Space is full of mysteries, but one in particular has been weighing on our minds lately: How's the food up there? We're taking a look at how space meals get made, the best astronaut food hacks, and the experiment that showed just where the best french fries in the galaxy would really be found.
The Astronaut Diet
Over the years, the Space Food Systems Laboratory at Johnson Space Center in Houston -- the group responsible for making sure astronauts stay fed in space -- has arrived at a list of 200 core foods, each neatly stored in its own little pouch which can serve as a rehydration chamber if necessary or even be popped into the space station's food warmer for a heat and serve meal.
Those 200 core items -- which include everything from a rehydrated chicken-pineapple salad to a thermostabilized mocha yogurt -- make up the backbone of the astronaut diet, though some of them are more appreciated parts of it than others.
The freeze-dried shrimp cocktail is a particularly popular choice, a preference lab manager Vickie Kloeris told Gizmodo/io9 that she attributes to the cocktail's secret ingredient: horseradish, which gives the dish a bit of a spicy kick sorely lacking in much of the space fare. But, just like some items remain around through the years, there are also a few foods that get cut. Graham crackers, for instance, were axed from the manifest after crew members complained about all the crumbs drifting around, a problem that also led them to favour tortillas over sliced bread.
Besides the core items, each astronaut gets a bonus food container. And in there, there's also always a few off the shelf-items that make it into space (at the astronauts' request and the Food Lab's discretion) things like Kool-Aid, packaged snack cakes, condiments, and instant coffee. Sometimes, though, astronauts will go even further off menu.
Image: A selection of some of the core menu items for the ISS laid out on a tray / NASA
Cooking with astronauts!
It's not so surprising that -- when you gather a group of engineers and research scientists, and trap them in a metal tube for months at a time high above the Earth's atmosphere -- they might start figuring out ways to tinker with their environment. Astronauts, particularly those stationed for long stints on the International Space Station, have come up with a few food hacks to add a little unexpected zest to their meals.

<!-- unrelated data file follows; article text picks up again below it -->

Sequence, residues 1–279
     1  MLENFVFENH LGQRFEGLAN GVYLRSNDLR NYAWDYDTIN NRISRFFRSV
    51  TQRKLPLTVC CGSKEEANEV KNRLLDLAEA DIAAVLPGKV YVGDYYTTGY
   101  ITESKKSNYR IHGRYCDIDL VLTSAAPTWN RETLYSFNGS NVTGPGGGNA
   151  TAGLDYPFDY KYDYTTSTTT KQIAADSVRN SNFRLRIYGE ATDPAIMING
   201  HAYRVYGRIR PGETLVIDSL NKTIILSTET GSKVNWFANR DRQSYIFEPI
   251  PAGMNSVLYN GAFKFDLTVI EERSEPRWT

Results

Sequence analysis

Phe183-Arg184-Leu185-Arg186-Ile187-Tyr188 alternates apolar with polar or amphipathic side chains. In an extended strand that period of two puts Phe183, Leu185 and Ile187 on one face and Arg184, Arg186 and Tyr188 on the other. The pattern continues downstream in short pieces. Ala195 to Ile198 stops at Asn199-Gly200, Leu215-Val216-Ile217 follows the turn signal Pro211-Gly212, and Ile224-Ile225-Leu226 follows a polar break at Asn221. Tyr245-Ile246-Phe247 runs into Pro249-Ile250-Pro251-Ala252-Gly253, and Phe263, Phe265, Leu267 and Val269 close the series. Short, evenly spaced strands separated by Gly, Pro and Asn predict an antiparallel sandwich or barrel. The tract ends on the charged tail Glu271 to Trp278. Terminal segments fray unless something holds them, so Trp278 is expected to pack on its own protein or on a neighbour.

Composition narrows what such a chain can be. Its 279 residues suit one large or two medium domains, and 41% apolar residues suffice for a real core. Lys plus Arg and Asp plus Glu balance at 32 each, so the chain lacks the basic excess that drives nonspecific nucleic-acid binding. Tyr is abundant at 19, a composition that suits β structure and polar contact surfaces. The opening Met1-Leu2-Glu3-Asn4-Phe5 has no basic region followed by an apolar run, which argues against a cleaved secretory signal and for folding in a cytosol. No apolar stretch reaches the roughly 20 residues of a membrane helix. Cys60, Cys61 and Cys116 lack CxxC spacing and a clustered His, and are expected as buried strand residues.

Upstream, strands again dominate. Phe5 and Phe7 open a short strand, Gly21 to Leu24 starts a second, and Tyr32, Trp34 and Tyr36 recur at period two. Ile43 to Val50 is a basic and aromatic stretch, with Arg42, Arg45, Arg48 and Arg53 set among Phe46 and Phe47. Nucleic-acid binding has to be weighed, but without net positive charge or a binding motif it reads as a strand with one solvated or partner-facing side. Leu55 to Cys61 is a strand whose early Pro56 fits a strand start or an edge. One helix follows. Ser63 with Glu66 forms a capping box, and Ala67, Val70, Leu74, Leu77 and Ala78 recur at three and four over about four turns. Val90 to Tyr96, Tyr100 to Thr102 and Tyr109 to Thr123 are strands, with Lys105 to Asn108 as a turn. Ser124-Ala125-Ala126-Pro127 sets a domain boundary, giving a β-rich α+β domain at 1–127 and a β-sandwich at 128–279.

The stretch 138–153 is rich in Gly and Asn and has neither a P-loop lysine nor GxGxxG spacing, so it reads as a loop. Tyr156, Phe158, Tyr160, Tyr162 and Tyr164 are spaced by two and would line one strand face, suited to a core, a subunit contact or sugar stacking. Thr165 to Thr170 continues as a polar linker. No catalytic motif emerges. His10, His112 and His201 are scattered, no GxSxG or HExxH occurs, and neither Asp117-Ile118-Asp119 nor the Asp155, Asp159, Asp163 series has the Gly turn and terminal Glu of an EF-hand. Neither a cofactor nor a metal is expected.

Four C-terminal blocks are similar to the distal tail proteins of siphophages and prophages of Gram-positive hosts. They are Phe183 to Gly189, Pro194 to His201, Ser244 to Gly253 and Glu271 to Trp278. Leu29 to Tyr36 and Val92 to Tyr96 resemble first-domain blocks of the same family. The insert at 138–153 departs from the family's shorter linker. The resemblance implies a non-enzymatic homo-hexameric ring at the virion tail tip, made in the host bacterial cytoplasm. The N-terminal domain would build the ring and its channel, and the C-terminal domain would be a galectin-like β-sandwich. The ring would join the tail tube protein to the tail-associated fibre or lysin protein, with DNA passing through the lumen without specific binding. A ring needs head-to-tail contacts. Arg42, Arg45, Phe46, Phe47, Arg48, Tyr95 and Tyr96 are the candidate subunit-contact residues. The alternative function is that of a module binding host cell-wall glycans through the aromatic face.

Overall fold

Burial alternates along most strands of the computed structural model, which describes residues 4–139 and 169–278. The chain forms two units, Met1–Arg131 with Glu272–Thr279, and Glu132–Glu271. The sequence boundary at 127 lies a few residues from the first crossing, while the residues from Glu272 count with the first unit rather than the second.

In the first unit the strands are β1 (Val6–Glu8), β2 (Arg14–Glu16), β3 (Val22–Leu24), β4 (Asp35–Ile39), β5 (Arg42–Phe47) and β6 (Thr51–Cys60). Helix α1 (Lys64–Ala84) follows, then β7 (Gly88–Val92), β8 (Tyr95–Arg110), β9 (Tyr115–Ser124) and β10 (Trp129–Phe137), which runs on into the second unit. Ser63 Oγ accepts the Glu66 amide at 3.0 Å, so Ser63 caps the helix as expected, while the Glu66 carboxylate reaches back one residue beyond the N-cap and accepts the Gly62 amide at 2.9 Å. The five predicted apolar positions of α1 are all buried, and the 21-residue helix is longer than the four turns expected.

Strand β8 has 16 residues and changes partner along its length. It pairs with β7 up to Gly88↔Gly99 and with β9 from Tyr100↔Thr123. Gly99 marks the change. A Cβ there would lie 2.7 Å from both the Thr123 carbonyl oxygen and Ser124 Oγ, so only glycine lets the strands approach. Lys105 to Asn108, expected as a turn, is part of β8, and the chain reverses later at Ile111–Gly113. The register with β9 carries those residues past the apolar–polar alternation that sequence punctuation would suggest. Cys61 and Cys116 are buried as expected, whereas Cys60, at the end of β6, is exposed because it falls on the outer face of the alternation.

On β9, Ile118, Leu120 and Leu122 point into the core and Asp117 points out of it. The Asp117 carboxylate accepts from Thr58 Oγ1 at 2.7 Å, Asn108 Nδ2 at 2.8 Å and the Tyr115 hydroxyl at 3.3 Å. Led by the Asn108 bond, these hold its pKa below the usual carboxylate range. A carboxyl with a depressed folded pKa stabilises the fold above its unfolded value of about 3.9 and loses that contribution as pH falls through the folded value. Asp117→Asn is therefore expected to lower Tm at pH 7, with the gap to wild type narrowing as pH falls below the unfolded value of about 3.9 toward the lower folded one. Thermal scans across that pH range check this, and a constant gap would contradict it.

ISS-favourite Chris Hadfield did a far-too-short-lived web series while in space, "Chris' Kitchen", where he took a Julia Childs-esqe approach to preparation of some of the freeze-dried, vacuum-packed options available, ranging from simply showing how he rehydrated a packet of dried spinach to a much more ambitious attempt at turning a premade steak, some tortillas, and hot sauce into a passable burrito.
The undisputed champion of space food hacking, however, is without a doubt another ISS crew member: Sandra Magnus, the flight engineer for Expedition 18.
While aboard the ISS, Magnus undertook a number of cooking experiments, aided by cutting boards and bowls that she anchored down with copious amounts of duct tape. Perhaps the most impressive, though, was her repurposing of the ISS food warmer to make roasted garlic and onions, an operation she achieved by using foil packets that had previously held heat and serve meals and running the vegetables through the food warmer again and again for hours at a time.
The garlic and onions technique made its way into a Christmas meal Magnus prepared by remixing a variety of core and bonus food items to arrive at a final menu of mesquite grilled albacore steaks, a dressed up cornbread stuffing, and crab salad. (Although Magnus noted that the packaged, rehydrated egg that she used in the salad in place of a hard boiled egg was an extremely disappointing substitution.)
But, not everyday can feature so elaborate a spread: the onions alone took Magnus almost three hours to cook in the food warmer and astronauts' days are already packed. So what's the hungry, but time-strapped, astronaut to do when tired of eating their meals straight from the foil? The answer is best served wrapped up in a tortilla.
In her space log, Magnus wrote a little about the important place the tortilla held in astronaut meals, especially in creating her favourite: the space cheese quesadilla.
You can do so much with a tortilla; it becomes the vehicle with which to eat almost anything. I cannot think of anything that cannot be put on a tortilla, or has not been put on a tortilla. Consequently, one of the main goals of any crew is to make sure that enough tortillas get on board (the only other high demand object is caffeine) . . . My favourite thing though, is to just heat the cheddar cheese spread, put it on the tortilla and add some salsa. You end up with a space cheese quesadilla.